Alan Chapman is a Western magick practitioner, and the author of the newly released book, Advanced Magick for Beginners. Alan found his way into the field of Chaos magick through the work of Aleister Crowley and since has worked with a powerful technique called “the Holy Guardian Angel,” which very much like the guru yoga techniques of the Vajrayana schools, allows one to surrender to an external guide on the path to enlightenment.
Alan shares with us the details of the Western occult tradition, including its core purpose of enlightenment, which he calls “the great work” of magick. He also connects some of the spiritual practices of magick with the Buddhist maps and models. Finally, he shares with us some of the details of a project he has recently launched called Open Enlightenment, whose purpose is to promote a transparent and open discussion surrounding the nature of enlightenment throughout the world’s mystical traditions.
Ryan: Hello Buddhists Geeks listeners, this is Ryan Oelke. We have a guest in the studio today, which is awesome. And, I already like him because he has a book with a grenade on the front of it. And we are going to talk about that, so. Vince is here too.
Vince: Not only that. But he also has a psychedelic Buddha shirt on where there’s a Buddha head in the middle and then circling it in layers of concentric Buddha heads is like this psychedelic Buddha head explosion.
Ryan: I love it.
Vince: And ah, explosion relates to grenade, which relates to our guest’s book. And we’ve got in the studio today Alan Chapman. He’s the author of the recently published Advanced Magick For Beginners.
Alan: Thank you very much for having me.
Vince: Yeah. Thanks for be here man.
Ryan: Dude, listen to that accent. I mean, we are trying only actually have guests on that are from like the U.K. or Croatia preferably.
Vince: Yeah. I mean last week we had Susan Blackmore on, and we’re keeping it real with the U.K. Alan’s on a six-month trip around the world? A year-long trip?
Alan: Eight months. Eight months.
Vince: Eight months.
Alan: Eight month honeymoon.
Vince: With your recent…
Alan: Yeah. My new wife. New bride. Yeah.
Vince: So you guys are traveling through the states and decided to drop in Boulder and talk to the BGeeks.
Alan: That’s correct, yes.
Ryan: I feel special.
Alan: It’s the only reason. It’s the only reason I’ve come traveling is to get on this show.
Vince: To get here.
Ryan: You went to India, everywhere else, you’re just like, eventually it’s going to lead to Boulder.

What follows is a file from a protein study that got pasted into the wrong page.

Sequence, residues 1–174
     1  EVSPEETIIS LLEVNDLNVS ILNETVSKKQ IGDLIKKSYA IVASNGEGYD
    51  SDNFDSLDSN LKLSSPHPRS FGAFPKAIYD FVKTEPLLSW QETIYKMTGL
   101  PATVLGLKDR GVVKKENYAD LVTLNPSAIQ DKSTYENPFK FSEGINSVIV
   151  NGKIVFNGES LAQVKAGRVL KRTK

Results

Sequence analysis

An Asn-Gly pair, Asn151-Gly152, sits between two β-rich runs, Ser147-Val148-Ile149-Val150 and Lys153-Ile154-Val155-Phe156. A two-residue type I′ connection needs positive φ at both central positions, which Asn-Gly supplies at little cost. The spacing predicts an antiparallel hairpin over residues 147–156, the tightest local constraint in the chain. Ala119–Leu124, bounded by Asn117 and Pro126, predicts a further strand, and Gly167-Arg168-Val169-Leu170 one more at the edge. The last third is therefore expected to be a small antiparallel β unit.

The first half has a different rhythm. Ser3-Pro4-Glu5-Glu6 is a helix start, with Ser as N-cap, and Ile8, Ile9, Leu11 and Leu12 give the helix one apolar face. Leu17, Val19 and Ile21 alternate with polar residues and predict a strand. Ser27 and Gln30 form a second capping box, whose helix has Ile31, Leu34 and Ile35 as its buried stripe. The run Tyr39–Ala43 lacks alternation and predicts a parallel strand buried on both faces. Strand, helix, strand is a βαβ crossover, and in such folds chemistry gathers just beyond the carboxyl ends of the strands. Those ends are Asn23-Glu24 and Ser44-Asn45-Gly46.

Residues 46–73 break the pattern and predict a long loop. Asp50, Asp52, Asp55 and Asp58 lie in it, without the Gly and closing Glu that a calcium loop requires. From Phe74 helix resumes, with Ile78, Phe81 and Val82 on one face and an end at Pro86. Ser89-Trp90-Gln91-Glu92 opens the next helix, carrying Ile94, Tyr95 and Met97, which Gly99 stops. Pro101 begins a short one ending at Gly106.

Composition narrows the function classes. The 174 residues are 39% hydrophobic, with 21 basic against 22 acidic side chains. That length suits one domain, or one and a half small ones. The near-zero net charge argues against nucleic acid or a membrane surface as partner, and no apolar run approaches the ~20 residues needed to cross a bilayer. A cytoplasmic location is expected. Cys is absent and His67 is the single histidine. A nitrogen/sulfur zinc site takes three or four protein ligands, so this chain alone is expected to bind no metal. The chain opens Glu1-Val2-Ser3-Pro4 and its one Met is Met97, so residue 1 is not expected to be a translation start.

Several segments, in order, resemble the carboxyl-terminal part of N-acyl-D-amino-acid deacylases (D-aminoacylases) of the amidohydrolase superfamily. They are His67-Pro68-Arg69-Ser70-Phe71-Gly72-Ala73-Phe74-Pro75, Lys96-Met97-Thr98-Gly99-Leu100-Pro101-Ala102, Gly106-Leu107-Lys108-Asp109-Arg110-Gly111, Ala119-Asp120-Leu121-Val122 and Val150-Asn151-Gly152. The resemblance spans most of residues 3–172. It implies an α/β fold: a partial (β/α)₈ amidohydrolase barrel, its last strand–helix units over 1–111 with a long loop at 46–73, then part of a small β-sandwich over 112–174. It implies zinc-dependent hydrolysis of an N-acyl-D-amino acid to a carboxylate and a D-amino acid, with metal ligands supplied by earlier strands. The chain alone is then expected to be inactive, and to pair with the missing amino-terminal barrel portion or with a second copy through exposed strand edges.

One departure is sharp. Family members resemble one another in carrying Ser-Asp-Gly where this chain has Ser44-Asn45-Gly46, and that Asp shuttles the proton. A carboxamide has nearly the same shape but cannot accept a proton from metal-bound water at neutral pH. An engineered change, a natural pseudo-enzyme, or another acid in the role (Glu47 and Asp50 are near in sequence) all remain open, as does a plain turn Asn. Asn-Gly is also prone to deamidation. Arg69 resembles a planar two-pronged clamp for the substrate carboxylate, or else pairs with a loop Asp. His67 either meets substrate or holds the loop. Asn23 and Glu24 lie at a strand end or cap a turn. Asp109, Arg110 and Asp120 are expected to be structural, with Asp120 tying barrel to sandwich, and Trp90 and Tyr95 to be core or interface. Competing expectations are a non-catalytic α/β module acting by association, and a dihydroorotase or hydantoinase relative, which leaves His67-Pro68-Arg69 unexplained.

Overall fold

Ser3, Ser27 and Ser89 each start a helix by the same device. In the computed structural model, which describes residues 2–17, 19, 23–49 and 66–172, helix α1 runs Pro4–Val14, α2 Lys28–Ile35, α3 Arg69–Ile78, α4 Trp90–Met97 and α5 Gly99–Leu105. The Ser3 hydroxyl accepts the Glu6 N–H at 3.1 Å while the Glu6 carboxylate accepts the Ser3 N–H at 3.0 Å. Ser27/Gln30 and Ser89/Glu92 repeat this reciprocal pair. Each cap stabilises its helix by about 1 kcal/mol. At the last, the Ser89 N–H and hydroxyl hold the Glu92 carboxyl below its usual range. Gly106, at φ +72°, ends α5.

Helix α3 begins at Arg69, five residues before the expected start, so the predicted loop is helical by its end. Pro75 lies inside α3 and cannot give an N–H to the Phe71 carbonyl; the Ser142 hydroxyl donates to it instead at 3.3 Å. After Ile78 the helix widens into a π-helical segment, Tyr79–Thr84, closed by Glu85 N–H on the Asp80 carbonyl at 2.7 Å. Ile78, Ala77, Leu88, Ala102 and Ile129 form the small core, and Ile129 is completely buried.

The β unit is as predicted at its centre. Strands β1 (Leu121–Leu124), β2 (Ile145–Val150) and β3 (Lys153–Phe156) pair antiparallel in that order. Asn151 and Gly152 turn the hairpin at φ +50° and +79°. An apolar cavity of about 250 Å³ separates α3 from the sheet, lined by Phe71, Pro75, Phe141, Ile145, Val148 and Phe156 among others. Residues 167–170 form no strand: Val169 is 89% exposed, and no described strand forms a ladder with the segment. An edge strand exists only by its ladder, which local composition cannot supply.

Alan: To something good.
Ryan: Right now.
Ryan: This moment. I love it.
Vince: Cool. Well, it’s great to have you here man, and we’ve been wanting to talk to you for a while. As soon as I saw this book I realized we need to talk to you. Soon as I heard about what you are doing in the… I guess we could call it the Western Occult tradition?
Alan: Yeah. That’s good.
Vince: And we’ll get into that. Actually, let’s go ahead and jump into that now.
Vince: Because I think, we’ve never really talked on Buddhist Geeks about specifically another tradition. So we’re branching out in this episode. But we are going to tie it back into the Buddhist tradition because you also have practice experience and definite interest in the Buddhist tradition. And actually, I guess were kind of Dharma brothers in away since we both have a similar teacher we found very influential.
Alan: Yes. I’d agree with that. I’d just like to say thank you very much for giving me the opportunity to introduce my tradition to some of your listeners. I think they might find some of the elements within that tradition helpful. I know I have certainly found elements in the Buddhist, various Buddhist traditions helpful with my own progress, within my tradition. I think that might be true both ways.
Vince: Cool. Well let’s jump in. I’ll be honest with you Alan…
Alan: Please do. Please do. [laughter]
Vince: When I first, heard of the magic tradition. I couldn’t but help think of myself really as a younger, geekier, person, playing dungeons and dragons…
Alan: Geekier, geekier?
Vince: Geekier, yeah.
Alan: Is that possible? [laughter]
Ryan: I was wondering the same thing. [laughter]
Vince: [laughter] Ok. Well, in any case. I had the thought of somebody in robes…
Vince: …that’s older, geeky and playing Dungeons and Dragons. This is kind of the image that comes to mind and I think I am not completely alone in that perception. And I know that’s a misperception, so let’s talk about what magic really is. And also where does it come from?
Alan: Ok. I don’t think it’s… it would be unfair to say it’s a misperception because actually I think a lot of people get involved in magic, just because of the surface culture features of it. Where you dress up in robes and wave wands and that kind of thing. And I don’t think that’s necessarily a bad thing, if it gets people actually studying the tradition, in depth, in some way. But the tradition itself actually started… I mean, there are some people who might say it started in ancient Egypt. And certainly the Greeks believed that. But it definitely has it roots about three thousand years ago in Hellenistic Greece, where it started, really with one man, which was Pythagoras. You might know him as the mathematical genius but he was also the inventor of the Pentagram, if you could event such a thing. And that of course is a big cultural feature of the magical tradition, the pentagram. And he also invented… he was the first know person to use monasticism. Like his followers were encouraged to live with him. And apparently they didn’t–eating beans was forbidden. I don’t really know if that’s true.